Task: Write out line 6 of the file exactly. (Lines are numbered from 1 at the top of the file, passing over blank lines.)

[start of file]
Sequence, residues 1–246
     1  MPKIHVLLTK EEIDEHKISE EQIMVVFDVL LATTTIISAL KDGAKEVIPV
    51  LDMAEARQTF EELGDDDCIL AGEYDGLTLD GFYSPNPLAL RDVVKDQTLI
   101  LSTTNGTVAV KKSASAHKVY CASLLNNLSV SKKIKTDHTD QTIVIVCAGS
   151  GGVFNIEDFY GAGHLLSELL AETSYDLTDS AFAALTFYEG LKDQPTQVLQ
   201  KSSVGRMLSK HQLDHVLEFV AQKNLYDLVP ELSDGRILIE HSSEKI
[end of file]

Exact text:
   201  KSSVGRMLSK HQLDHVLEFV AQKNLYDLVP ELSDGRILIE HSSEKI